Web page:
Previous Retro Reviews...
- MY NEIGHBOR TOTORO *** KIKI'S DELIVERY SERVICE *** PRINCESS MONONOKE
- HOWL'S MOVING CASTLE *** NAUSICAA *** CASTLE IN THE SKY *** PORCO ROSSO
- AKIRA Vol. 1 *** Vol. 2 *** Vol. 3 *** Vol. 4 *** Vol. 5 *** Vol. 6 *** TRIGUN Vol. 1
- LITTLE NORSE PRINCE VALIANT *** DRAGONBALL Vol. 1 *** GHOST IN THE SHELL
- MACROSS II *** LUPIN III: THE SECRET OF MAMO *** SPACE ADVENTURE COBRA
- BAKUMAN Vol. 1 *** MONSTER Vol. 1 *** DEAD LEAVES
What a hard story to categorize.
20th CENTURY BOYS is the sort of sublime, genre-bending storytelling that you’d normally only find on the modern lit shelf at the book store. It’s cerebral science fiction at points, it’s goofy coming-of-age comedy at others - - and at all times, it has a very menacing undercurrent of horror. Indeed, despite what the cover seems to advertise, “horror” is really the best label for what lies on the pages inside.
Of course, this isn’t the type of horror that gets written up in Fangoria or Bloody Disgusting; not the kind that calls up the usual handful of classic monsters and gothic locales. Despite the numerous stylistic flourishes it shares with Urasawa’s other recent hit, it doesn’t even look quite like a follow-up to MONSTER’s style of horror - - not even a spiritually one. Rather, as the title evokes, 20th CENTURY BOYS feels like some transcendent step ahead for the genre; one that lets the boogeyman free to drop his usual get-up and creep anywhere, and everywhere, beyond those familiar dark cellars and creepy attics.
Describing the story is maybe even a little harder than categorizing it. That’s not because it’s tough to summarize what happens, per se - - it's because the hook of this manga is to experience that plot diced up into a hypnotizing, non-linear mosaic.
Basically, a put-upon convenience store manager, Kenji Endo, starts noticing a number of startling coincidences which connect the present to a silly time-capsule he and his friends put together in the late 60's. Inside a little thatched clubhouse in an unused land plot, these boys fantasized about becoming heroic, alien-and-robot-fighting ninjas who’d save the world at the end of the century. They even made a sigil for their team - - an odd approximation of the Masons’ All-Seeing Eye.
When that sigil starts reappearing in concert with the deaths and disappearances of random people in Kenji’s life, he does a little snooping and discovers that, somehow, there’s a cult that’s apparently been fashioned off of the boys’ club. Stranger still, the crude drawings and half-sketched ideas that the boys placed in their time capsule now seem to be turning into monstrous realities. And, most terrifyingly, the threat the boys imagined themselves fighting against one day may actually be coming to destroy the world with the impending turn of the millennium.
A comparison can be drawn here to some of Stephen King’s work. The man has his themes he likes to revisit, for sure; and stories about tightknit groups of young boys facing reappearing horrors as grown-ups (usually after a friend’s funeral reunites them) do come up a lot. Still, this is distinctly Urasawa.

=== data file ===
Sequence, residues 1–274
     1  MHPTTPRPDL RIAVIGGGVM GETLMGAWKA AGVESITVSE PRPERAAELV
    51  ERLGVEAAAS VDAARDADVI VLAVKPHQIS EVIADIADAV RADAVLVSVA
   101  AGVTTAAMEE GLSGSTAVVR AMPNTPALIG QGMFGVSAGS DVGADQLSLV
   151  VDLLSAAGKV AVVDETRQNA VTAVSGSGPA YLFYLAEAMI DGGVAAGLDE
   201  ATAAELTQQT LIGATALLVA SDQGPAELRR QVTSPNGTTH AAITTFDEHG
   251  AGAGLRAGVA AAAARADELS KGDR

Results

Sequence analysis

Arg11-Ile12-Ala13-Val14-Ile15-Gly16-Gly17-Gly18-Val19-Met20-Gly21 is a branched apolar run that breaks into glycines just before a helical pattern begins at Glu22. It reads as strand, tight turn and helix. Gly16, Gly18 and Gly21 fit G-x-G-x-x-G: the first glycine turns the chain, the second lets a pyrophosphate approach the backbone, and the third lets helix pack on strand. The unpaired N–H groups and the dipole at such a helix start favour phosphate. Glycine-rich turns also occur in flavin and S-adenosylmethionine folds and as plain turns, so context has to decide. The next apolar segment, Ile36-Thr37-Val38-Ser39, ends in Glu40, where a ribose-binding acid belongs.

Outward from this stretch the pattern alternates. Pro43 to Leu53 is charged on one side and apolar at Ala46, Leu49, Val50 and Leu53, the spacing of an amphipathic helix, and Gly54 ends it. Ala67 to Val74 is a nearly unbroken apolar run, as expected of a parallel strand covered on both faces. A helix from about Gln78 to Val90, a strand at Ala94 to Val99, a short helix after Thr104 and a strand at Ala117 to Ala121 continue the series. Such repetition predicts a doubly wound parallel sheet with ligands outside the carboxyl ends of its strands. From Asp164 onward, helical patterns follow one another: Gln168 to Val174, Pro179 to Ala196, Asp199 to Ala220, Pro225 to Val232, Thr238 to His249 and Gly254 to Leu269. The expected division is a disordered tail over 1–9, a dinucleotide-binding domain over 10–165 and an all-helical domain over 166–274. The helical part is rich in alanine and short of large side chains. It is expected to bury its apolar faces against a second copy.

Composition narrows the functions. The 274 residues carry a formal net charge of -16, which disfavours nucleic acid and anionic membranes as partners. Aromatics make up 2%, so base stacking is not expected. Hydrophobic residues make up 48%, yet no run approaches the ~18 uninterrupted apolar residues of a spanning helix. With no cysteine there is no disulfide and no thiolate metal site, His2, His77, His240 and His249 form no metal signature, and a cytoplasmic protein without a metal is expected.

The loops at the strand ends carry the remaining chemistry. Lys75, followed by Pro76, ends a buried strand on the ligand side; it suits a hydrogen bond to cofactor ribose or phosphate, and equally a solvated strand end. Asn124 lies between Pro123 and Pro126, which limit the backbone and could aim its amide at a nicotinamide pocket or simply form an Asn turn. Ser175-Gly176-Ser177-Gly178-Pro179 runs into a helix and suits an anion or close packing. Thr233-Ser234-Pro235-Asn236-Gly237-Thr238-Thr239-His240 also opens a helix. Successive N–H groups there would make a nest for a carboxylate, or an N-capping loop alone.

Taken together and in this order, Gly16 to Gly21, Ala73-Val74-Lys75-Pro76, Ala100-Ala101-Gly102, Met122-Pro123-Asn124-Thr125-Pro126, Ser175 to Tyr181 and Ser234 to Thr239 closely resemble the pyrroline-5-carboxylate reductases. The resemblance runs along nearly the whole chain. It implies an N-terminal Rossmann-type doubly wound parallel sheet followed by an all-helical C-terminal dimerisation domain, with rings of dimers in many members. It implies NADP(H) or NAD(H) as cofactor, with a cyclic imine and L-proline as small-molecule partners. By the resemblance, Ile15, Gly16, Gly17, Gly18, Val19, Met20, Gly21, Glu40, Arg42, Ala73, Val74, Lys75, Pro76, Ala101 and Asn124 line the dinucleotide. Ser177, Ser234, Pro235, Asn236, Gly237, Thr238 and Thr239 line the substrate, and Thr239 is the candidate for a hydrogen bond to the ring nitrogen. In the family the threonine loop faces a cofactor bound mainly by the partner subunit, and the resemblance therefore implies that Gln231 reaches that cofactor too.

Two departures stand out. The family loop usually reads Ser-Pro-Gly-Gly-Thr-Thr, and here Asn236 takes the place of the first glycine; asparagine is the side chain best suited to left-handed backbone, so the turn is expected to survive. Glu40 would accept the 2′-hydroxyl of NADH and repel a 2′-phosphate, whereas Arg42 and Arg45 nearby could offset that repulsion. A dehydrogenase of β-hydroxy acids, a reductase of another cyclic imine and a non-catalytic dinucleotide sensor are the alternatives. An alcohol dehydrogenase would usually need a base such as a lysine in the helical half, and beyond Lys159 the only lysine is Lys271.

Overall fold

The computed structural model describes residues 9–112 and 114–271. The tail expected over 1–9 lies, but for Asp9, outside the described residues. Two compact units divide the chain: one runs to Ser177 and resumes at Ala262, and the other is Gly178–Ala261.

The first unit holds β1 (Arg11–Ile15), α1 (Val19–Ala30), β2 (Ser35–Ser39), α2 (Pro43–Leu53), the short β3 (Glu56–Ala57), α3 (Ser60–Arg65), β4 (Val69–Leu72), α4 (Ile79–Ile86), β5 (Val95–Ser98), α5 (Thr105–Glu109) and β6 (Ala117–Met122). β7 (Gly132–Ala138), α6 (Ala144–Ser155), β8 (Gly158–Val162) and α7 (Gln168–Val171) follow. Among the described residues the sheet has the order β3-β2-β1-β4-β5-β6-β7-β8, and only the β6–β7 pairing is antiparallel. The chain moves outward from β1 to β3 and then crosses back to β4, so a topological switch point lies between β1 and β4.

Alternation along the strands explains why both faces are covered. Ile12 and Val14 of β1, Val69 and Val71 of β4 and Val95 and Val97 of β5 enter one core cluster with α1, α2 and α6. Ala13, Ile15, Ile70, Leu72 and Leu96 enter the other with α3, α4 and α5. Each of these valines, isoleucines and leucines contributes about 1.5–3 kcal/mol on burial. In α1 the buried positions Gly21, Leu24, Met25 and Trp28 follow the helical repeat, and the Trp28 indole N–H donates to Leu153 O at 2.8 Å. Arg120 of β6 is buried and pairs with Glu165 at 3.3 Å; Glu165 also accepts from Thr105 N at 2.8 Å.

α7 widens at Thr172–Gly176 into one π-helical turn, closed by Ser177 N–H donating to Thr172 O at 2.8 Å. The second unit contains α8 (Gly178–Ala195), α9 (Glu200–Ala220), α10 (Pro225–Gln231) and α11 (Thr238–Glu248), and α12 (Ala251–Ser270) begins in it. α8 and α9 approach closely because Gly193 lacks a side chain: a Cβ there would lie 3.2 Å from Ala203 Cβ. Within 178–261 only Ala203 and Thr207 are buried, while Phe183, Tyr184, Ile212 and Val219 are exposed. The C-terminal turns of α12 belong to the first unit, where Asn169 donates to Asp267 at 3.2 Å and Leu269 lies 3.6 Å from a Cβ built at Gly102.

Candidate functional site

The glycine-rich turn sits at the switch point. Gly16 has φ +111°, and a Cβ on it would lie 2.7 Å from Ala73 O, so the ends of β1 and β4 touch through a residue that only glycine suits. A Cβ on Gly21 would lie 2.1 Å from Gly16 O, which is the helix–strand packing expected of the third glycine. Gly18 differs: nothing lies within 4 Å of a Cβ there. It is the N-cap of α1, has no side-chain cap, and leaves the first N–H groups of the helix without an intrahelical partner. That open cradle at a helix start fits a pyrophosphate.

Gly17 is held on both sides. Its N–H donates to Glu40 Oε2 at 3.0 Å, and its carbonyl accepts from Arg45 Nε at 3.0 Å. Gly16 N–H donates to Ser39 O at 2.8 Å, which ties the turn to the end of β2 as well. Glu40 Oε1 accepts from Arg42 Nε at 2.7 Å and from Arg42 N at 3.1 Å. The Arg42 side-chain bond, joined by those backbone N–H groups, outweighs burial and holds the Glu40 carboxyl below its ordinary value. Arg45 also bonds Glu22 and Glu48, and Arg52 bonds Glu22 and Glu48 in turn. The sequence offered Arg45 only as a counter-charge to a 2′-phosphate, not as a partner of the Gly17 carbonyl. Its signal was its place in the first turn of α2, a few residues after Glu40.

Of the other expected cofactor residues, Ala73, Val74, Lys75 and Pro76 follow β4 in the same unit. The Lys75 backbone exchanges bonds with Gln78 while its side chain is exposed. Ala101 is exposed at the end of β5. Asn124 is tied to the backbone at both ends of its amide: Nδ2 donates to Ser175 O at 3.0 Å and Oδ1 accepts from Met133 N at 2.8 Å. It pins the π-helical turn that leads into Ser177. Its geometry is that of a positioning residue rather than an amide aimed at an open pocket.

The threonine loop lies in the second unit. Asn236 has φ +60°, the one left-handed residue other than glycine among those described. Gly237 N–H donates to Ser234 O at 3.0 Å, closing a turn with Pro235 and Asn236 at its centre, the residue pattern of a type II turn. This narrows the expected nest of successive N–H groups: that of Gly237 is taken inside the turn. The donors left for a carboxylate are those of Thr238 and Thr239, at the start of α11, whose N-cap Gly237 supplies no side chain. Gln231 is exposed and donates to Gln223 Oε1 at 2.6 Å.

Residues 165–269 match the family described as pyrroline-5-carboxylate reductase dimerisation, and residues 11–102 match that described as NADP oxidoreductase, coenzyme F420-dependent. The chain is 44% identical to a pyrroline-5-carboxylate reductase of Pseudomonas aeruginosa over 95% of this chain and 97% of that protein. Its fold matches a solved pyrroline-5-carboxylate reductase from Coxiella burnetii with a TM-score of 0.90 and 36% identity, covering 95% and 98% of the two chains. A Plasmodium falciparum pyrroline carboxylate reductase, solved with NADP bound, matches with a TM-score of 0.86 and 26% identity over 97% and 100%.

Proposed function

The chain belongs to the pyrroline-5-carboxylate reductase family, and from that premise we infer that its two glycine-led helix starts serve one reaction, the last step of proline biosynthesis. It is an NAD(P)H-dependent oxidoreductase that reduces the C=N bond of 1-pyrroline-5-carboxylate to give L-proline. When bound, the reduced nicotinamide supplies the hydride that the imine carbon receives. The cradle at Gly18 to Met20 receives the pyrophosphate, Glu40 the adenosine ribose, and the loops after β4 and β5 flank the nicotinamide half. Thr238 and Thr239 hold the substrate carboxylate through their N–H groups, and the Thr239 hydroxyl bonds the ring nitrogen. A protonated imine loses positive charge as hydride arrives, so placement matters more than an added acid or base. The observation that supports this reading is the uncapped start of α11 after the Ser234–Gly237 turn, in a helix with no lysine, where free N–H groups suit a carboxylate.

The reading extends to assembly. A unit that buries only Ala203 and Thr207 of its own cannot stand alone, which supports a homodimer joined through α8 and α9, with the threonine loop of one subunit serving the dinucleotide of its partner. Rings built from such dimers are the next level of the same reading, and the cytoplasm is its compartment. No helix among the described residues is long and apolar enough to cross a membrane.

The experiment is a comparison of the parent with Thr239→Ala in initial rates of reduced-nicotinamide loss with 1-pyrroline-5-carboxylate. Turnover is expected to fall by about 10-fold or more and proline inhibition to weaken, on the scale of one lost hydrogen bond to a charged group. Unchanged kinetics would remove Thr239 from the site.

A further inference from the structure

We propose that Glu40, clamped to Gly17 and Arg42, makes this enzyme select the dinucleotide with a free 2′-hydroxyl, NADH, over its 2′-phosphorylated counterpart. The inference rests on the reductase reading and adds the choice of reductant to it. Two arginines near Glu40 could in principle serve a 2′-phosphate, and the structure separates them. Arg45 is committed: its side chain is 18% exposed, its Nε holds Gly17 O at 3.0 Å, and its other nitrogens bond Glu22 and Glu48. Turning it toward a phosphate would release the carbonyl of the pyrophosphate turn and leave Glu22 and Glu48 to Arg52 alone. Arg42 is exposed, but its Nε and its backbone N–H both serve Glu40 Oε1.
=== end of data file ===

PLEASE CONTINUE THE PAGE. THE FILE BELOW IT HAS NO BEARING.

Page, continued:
As in MONSTER, there’s a malevolent mastermind whose face is mysteriously cloaked in shadow. Hallways are frequently rendered at canted angles and with foreshortened speed lines that convey an exhilarating sense of forward motion. The linework dances from often grotesquely-caricatured figures to meticulously-detailed scenery with a smoothness that it’s quite nearly imperceptible. Even as it rarely ever doles out the sort of flashy eye-candy that makes for cool dorm-room prints and desktop wallpapers, this is, at all times, a phenomenal book to flip through and look at.
While we’re likening this to “Fiction” with a capital F, it feels even less appropriate to evaluate it in piecemeal the way such serialization really forces you to. It’s sort of akin to writing a novel up based on just its first two chapters.
Yes, I come down hard on other series that don’t lead out on their best foot. I won't suffer a series that presumes your willingness to wade through some less-than-stellar early installments in order to “get to the good stuff.”
The difference here is that there’s a very firm sense of being on the tip of something profound. Even as only a frustratingly scant number of details regarding Kenji’s horrific reunion are offered, those details are still enthralling. They still compel you to check out what’s coming next, even as they still feel so evanescent.
Perhaps that's a kinder way of saying that the series is paced a little leisurely. Talking 20th CENTURY BOYS up like this does feel a little akin to groping about blindly in the mist (and having a tinge of fear about the boogeyman most likely lurking in that mist.) I know so little about what's going on - - I'm only getting to see such a small section of the mosaic - - but for once, that's actually welcome. Something indescribable's lurking here, and it's wonderfully terrifying.